June 11, 2014- I left Vannes fairly late in the morning, on that Wednesday. One last run down to Daily Gourmand, and I was set, nutrition-wise. Arriving at the train station, I learned that there was no train to Brest, the port in western Brittany which was my destination for the day. There was a bus, but I “probably missed it”. I went over to Gare Routiere, anyway, and lo and behold, the bus was still there.
We passed through some lovely places, en route to Finisterre (“Land’s End”, in French). The first was Landevert.
I was able to catch a few glimpses of Lorient, which happens to be the site of an International Celtic Festival, the very week that I am writing this.
A few kilometers later, came the lovely channel port of Hennebont.
should certainly not be confused with its larger cousin,
The latter is the home of a large museum of Breton culture, and is one of the more traditional centers of all things Bretagne, being the administrative center of Finisterre.
After more meanders through this exquisite region, I came to Le Rade, and Brest.
I was lucky in my choice of hotels. Bellevue is run by a very sweet family, who prepared breakfast for me, emportee, as I had to leave for the train to Rennes at 5 AM.
They close the doors at 9 PM, though, so I made a relatively brief visit to Jardin de Port and to the Chateau de Brest. The head of the Brest peninsular area, the mouth of Riviere Penfield, hosts a large French naval base, and the National Maritime Museum, in the same complex. Nearby, there is also Tour Americain- built to commemorate the U.S. effort in World War I, for which Brest was of high significance.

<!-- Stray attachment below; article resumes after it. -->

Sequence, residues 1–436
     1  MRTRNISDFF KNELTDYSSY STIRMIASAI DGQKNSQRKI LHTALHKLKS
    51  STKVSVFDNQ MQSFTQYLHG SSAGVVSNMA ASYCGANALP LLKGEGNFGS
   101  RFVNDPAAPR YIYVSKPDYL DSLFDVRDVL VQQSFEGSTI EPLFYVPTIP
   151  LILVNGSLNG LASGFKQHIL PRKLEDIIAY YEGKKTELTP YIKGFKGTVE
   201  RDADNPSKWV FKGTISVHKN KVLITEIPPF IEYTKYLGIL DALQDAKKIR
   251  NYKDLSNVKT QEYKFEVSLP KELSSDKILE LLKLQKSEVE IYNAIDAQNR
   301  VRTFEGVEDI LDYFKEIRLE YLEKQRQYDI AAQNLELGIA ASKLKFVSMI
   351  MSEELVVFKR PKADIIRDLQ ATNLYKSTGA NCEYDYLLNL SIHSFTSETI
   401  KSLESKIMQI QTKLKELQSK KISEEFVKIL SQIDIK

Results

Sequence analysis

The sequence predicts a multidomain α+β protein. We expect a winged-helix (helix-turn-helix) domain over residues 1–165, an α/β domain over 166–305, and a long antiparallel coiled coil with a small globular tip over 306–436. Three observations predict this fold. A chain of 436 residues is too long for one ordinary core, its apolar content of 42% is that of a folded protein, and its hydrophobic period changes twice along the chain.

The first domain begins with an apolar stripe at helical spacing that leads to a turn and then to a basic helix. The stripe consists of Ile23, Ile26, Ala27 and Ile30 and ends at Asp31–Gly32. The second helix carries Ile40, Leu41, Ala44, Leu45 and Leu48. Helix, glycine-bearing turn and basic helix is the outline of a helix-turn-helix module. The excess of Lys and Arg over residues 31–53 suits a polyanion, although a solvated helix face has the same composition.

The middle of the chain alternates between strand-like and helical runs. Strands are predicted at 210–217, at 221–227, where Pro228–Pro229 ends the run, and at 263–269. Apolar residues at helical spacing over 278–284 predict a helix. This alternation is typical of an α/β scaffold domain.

Here are views of Le Jardin de Port and of the port itself.
As I came to the ramparts of the chateau, I spotted Tour Americain.
The steps nearby take the visitor down to the bottom terrace of Jardin de Port.
The Breton composer, Jean Cras, was born, and lived most of his life, in Brest. His naval heritage, as well as his culture, framed the intensity of his music. His memorial is here, at the west end of Jardin de Port.
Now, for a few views of Chateau de Brest.
Parts of this structure were built by the Romans. The last section was the work of the great military strategist, Sebastian de Vauban, who tore down the Roman castellum and built a more solid tower, in 1690.
The French have put up a cenotaph, in commemoration of the survival of the people of Brest, in two World Wars.
I would focus more fully on the Chateau, if I ever get back to Brest. I would also get over to Distrite Saint Marc- an isolated, but distinctive preserved neighbourhood. This is as close as I got to St. Marc,on the late evening of June 11.
The next day would be all Real World- courtesy of the still roiling French rail strike. Brest, though, would carry on like clock work.